|Bertil Andersson's drawing of Lotsbat Skum|
After much head-scratching, I settled on the spritsail with a flying jib (i.e. a headsail not hanked onto a stay), having been influenced by the writing of a number of people, of whom Phil Bolger was the most influential.
Why the spritsail? Here are my reasons: -
- I wanted the shortest practical spars, and in particular, I want to be able to store the spars inside the boat. Several reputable authorities had written that the spritsail sets the maximum sail area on the minimum length mast;
- A jib or staysail would be nice when sailing to windward - particularly a flying jib on an un-stayed mast;
- The rigging needed to be very simple, and preferably easy to make and repair by hand using wood and line;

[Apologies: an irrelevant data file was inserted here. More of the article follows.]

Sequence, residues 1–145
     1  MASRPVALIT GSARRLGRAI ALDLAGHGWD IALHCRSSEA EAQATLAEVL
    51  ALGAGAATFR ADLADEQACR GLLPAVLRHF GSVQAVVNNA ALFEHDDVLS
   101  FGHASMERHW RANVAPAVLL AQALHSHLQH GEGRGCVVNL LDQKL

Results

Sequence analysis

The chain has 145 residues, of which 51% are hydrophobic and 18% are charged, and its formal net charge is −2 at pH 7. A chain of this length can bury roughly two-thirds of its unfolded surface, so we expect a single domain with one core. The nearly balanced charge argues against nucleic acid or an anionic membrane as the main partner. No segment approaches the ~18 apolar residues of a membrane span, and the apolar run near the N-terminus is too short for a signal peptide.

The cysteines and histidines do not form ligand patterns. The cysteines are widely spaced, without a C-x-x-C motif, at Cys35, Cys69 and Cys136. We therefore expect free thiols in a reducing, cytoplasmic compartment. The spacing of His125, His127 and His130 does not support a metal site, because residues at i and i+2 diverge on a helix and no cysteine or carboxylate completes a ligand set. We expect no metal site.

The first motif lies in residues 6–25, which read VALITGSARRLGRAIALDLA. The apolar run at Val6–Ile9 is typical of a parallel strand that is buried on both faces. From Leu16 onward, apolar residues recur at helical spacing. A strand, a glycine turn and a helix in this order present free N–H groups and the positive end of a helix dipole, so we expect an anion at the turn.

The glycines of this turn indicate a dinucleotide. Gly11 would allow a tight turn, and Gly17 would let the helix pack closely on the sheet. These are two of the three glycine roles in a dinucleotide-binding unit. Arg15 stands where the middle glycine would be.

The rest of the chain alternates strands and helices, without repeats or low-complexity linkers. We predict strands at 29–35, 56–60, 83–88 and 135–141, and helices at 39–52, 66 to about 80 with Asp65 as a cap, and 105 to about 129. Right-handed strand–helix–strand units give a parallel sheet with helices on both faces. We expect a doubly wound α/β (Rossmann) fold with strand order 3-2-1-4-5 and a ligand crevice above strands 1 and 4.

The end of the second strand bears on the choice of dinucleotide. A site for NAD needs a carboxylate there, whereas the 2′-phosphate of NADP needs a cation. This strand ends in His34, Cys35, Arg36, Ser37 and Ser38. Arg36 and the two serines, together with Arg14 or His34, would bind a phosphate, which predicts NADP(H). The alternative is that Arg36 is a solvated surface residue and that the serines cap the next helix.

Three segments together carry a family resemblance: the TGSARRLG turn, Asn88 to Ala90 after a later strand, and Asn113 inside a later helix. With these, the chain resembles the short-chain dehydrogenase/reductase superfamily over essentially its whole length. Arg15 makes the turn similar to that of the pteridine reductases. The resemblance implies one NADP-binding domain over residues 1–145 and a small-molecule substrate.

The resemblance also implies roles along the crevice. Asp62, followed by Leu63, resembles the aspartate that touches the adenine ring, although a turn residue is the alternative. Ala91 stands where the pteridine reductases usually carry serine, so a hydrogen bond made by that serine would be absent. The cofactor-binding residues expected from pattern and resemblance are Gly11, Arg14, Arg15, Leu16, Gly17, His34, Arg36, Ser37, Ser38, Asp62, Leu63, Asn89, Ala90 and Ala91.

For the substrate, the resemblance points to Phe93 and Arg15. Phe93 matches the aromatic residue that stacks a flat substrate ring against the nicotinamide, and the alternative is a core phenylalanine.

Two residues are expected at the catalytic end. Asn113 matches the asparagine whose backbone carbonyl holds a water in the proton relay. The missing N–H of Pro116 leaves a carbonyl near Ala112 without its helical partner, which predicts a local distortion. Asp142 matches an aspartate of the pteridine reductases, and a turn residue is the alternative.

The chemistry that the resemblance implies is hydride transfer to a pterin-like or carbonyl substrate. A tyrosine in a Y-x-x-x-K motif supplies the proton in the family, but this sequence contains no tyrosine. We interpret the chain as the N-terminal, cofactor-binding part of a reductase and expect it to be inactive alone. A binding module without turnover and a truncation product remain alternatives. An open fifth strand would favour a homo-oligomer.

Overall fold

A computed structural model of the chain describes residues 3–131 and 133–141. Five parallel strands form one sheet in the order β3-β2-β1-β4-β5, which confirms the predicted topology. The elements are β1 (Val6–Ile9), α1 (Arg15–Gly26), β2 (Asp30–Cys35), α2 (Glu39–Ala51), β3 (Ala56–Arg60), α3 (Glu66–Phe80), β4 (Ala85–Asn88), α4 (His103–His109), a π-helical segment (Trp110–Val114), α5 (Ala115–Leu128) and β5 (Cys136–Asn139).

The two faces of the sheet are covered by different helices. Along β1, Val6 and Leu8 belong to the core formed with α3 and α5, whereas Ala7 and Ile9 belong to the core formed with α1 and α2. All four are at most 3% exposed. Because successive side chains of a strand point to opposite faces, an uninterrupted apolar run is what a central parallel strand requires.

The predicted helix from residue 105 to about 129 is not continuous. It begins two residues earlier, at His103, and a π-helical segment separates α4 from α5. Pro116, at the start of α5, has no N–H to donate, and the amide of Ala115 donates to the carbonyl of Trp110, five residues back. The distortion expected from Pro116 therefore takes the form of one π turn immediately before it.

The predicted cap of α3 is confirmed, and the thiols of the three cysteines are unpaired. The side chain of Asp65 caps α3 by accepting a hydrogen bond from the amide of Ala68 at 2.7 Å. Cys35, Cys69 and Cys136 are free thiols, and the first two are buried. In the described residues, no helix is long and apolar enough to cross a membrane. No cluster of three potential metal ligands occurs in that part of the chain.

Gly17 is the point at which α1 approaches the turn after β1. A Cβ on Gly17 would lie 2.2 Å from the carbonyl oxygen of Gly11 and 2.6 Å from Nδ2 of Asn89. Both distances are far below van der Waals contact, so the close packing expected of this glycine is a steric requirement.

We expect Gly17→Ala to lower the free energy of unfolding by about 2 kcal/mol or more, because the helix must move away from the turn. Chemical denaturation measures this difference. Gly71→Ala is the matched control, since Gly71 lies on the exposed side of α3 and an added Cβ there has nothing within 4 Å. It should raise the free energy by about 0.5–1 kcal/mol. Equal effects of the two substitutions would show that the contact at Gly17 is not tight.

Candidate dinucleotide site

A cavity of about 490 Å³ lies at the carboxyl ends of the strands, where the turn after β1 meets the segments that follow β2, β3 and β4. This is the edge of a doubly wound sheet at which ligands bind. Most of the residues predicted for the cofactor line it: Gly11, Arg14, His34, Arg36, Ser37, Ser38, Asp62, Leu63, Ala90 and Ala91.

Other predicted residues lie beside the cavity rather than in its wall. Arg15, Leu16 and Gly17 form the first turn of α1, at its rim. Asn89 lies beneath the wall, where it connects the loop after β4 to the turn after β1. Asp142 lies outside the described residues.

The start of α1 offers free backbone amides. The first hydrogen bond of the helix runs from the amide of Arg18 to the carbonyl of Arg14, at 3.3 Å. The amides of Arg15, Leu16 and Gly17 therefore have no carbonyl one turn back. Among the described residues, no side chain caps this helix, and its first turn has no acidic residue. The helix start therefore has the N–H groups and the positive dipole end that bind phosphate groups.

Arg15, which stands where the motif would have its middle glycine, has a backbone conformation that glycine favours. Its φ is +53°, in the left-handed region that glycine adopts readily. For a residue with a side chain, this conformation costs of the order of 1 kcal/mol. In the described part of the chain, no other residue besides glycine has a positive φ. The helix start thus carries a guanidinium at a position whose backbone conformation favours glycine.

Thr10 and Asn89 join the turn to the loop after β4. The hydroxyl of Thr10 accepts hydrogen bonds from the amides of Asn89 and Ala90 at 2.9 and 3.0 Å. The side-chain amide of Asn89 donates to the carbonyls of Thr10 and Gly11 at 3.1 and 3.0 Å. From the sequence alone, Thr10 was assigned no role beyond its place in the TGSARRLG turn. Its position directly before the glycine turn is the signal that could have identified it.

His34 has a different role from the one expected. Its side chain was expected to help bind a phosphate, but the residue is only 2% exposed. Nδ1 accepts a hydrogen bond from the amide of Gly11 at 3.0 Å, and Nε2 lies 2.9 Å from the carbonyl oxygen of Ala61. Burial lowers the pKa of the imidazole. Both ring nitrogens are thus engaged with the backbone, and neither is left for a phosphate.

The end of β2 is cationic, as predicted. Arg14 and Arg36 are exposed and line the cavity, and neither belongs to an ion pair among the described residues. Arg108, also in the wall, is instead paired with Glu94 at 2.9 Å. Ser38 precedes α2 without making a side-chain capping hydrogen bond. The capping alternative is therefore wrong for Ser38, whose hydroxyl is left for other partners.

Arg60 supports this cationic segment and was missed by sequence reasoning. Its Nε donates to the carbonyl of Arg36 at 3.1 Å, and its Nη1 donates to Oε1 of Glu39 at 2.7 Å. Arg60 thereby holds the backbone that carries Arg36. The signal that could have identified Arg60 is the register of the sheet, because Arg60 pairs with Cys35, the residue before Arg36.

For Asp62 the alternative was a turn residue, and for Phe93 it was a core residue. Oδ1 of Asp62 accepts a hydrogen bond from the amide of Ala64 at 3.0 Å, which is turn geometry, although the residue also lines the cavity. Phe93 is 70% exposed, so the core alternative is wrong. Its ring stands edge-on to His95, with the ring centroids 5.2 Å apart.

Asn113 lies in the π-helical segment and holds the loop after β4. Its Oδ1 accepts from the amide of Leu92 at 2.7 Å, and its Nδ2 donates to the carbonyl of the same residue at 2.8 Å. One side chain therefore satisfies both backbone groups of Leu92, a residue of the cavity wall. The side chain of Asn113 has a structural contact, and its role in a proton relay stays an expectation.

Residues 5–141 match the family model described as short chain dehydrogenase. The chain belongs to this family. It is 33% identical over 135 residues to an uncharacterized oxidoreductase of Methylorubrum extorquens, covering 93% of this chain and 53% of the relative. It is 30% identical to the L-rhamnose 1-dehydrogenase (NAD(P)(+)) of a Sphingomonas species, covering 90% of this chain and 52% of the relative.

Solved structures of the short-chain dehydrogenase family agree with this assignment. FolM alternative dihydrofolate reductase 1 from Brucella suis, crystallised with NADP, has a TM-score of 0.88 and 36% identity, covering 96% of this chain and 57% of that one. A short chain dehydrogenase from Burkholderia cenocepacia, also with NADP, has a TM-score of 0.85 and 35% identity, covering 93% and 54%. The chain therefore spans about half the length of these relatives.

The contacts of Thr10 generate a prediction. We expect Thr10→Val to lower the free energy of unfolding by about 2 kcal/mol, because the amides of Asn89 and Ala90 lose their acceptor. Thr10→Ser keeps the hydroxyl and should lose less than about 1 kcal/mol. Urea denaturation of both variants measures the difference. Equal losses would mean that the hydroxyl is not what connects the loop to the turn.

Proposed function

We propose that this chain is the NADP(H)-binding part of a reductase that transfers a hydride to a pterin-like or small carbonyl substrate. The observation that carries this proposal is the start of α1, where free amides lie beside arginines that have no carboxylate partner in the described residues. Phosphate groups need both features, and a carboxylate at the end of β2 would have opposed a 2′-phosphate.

- It was important to me that the centre-of-areas in the sail-plan be as low as possible to reduce the heeling moment;
- The possibility of using the mainsail as a boomless sail as well as being usable with aboom was desirable. In really tough conditions, a boomless sail is a safety feature, as there is no boom to trip during a knockdown - you can alway ease a boomless sail but not so a boomed one;
- A spritsail can be brailed if properly set-up.
In the case of the spritsail, the sprit is placed under considerable compression by the snotter at the lower end (the heel end of the sprit). This compression is required to hold the head of the mainsail up and out and to keep the head of the mainsail taut.
|Here you can see how the sprit pushes the head of the mainsail upwards and outwards|
|Phoenix III getting to windward in fresh conditions with the jib standing very well, despite the lack of stays. In most other free-standing rigs the luff of the jib would be sagging badly.|
No rig is perfect, but the sprit rig offers simplicity, drive, low centre-of-area, short spars, and the ability to set a jib effectively without any stays. Perhaps the Scandinavians, Melanesians, Chinese, Dorymen, and Thames Bargemen, to name just a few, were several steps ahead of us...